Escrow accounts are designed to pay costs associated with your home, notably property taxes and insurance premiums. Your lender factors in a specific amount to place in escrow, includes that amount in your mortgage payment and debits money from the account when those bills come due. When the lender allocates too little money to this account, it creates an escrow shortage. The lender can request that you to repay the deficit in a lump sum, or in monthly installments added to the loan, or they may leave the choice up to you. The choice that's best for you depends on your ability to pay the balance at once, and what the escrow shortage will do to your future mortgage payments if you don't.
The Real Estate Settlement Procedures Act, or RESPA, regulates escrow accounts. In addition to the projected annual cost of taxes and insurance, RESPA allows lenders to keep a minimum balance in your escrow account to cover unexpected expenses. The federal maximum for this cushion is one-sixth of the total annual payments.
In an escrow shortage, you have a positive balance in your escrow account, but it's less than the amount targeted by the lender as being sufficient, likely meaning that the lender is using some of that cushion to make your tax and insurance payments. Escrow shortages are generally caused by an unexpected rise in your tax bill or insurance premiums. You may have increased your hazard insurance coverage, for example, or a series of claims may have caused your insurance carrier to increase your premiums. Real estate taxes can also balloon if your local authorities increase the tax rate, or if your house is appraised at a higher value.
It's the loan servicer's responsibility to pay the bills that escrow is set aside to cover. If it's late in doing so and your account was assigned a penalty or late fee as a result, the servicer should pay that amount, as long as you were current in your mortgage payments at the time, according to the U.S. Department of Housing and Urban Development.
RESPA and Your Options
RESPA also requires the loan servicer to conduct an annual escrow analysis on each account, and governs what lenders can do in case of a shortage or a deficiency. If there's a shortage of less than one month's payment, the lender has three options. It can allow the shortage to exist and not require the borrower to make up the shortfall; require the borrower to repay the shortage within 30 days or require the borrower to repay the shortage in equal monthly installments over a 12-month period.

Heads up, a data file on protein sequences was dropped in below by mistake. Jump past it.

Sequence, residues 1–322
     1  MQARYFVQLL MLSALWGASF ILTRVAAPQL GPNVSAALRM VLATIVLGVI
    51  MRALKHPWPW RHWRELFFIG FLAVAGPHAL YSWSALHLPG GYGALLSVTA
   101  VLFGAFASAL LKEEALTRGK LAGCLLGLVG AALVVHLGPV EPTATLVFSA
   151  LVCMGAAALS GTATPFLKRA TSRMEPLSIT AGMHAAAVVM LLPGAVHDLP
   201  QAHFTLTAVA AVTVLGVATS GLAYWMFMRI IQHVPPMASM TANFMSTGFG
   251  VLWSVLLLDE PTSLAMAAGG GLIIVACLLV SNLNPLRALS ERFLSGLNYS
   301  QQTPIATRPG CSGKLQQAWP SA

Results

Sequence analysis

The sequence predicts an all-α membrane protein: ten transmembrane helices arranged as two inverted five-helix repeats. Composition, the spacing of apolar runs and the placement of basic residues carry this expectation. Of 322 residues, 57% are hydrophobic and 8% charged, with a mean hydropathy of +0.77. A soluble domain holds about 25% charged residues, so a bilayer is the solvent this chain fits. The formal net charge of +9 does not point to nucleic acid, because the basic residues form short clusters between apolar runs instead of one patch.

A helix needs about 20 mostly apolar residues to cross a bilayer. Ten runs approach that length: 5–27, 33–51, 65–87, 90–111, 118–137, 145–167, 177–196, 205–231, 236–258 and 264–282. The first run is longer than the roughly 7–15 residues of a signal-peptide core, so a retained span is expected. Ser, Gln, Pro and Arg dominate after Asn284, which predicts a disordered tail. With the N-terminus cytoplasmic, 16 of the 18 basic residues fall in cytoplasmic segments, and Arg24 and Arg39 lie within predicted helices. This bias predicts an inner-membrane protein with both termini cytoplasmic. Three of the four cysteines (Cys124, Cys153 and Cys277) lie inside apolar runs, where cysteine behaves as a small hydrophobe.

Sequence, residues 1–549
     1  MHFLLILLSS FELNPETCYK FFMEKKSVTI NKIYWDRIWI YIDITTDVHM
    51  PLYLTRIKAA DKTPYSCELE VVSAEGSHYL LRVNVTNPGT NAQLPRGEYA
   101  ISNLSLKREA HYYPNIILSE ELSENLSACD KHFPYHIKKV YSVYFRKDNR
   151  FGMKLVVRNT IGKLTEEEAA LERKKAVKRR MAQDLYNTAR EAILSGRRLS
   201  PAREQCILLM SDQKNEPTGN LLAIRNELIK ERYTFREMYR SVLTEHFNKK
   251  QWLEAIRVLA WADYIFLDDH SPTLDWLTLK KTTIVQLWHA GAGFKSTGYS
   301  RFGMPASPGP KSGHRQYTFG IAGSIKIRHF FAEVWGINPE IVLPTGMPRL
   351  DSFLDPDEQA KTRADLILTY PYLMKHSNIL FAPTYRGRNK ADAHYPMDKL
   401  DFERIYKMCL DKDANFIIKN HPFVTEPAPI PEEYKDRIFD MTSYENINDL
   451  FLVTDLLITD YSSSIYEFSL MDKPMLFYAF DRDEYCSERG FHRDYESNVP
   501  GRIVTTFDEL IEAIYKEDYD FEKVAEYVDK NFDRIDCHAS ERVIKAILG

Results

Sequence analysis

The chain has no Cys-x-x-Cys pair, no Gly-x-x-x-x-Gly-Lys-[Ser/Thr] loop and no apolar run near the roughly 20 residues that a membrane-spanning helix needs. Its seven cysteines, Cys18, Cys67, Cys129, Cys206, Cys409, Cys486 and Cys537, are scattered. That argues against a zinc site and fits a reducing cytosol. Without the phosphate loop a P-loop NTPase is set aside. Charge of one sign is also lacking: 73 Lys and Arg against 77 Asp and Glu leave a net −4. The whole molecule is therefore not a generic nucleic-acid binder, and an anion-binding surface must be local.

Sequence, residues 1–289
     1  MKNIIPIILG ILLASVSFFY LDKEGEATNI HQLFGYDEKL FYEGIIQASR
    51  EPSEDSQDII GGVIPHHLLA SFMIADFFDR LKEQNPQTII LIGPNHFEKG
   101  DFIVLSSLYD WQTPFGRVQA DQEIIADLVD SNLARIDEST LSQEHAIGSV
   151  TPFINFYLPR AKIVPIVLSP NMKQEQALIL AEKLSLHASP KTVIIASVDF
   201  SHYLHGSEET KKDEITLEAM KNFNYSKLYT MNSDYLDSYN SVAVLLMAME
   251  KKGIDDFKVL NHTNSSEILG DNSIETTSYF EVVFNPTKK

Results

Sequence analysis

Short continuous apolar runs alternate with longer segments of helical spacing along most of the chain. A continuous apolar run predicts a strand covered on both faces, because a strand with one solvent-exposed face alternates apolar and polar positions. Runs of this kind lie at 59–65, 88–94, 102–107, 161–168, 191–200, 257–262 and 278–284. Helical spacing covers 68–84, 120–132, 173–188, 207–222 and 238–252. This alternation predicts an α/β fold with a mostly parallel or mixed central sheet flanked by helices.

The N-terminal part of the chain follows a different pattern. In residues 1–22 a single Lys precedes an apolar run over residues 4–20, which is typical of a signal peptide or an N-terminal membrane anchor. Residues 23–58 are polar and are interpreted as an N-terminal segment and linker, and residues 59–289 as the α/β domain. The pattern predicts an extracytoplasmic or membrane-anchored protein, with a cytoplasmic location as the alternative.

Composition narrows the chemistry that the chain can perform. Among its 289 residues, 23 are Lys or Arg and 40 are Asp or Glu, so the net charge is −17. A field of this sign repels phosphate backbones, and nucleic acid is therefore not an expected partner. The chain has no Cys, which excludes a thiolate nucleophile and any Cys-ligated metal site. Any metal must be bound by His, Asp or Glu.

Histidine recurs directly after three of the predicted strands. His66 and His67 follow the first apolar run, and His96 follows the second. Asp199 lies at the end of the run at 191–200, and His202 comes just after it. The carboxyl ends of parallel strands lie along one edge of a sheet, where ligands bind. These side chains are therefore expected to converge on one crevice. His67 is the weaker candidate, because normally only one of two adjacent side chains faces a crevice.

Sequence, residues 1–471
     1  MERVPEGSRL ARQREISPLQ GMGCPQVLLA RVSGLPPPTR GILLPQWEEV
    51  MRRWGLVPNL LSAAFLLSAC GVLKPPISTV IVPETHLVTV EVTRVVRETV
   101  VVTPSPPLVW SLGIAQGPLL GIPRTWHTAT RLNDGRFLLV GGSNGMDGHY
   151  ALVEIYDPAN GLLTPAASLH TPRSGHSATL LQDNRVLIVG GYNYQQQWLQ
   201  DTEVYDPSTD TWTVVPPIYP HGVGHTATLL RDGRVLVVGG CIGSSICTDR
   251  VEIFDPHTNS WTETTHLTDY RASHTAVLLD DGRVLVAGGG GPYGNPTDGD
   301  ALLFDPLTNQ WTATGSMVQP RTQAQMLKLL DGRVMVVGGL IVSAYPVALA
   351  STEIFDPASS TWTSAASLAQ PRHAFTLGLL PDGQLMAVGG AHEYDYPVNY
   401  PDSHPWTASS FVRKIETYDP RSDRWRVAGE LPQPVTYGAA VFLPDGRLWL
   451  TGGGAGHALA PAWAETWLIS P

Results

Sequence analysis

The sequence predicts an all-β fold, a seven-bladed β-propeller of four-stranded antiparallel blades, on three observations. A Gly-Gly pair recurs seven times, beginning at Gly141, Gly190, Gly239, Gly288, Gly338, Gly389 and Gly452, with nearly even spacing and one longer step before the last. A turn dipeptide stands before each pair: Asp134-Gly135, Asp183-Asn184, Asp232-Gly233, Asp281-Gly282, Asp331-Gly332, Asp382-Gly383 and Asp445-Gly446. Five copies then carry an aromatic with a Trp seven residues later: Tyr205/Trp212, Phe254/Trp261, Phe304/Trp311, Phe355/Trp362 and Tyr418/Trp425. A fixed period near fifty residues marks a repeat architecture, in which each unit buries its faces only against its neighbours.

If the shortage is greater than one month's payment, the lender can either allow it to remain or require you to make it up in equal monthly installments over 12 months. It cannot require a lump-sum payment within 30 days under that scenario, although the lender may elect to offer you that option.
If you've gone through the allowed cushion in your escrow account and have a negative balance, that's an escrow deficiency. The servicer can require you to make-up the deficiency in two or more monthly payments, rather than spreading it out over a full year. If the deficiency is less than one month's payment, it also can require payment within 30 days.
Picking Your Payment Plan
Your loan servicer will give you the option of paying an escrow shortage in full, or accepting the monthly installments instead. From an economic standpoint, paying in full won't save you any money. Because interest isn't charged on the shortage amount, you may find it advantageous to drag the payments out as long as possible.
However, the escrow shortage means that your lender didn't set aside enough money for taxes and insurance, meaning it likely will increase the escrow payments for the next year. Since that's folded into your mortgage payments, your mortgage premiums will rise as well. Folding the previous year's shortage into the current mortgage payment may increase your monthly payment to the point that you'd prefer taking care of the existing shortage with one check. Pick the plan that's best for your financial situation.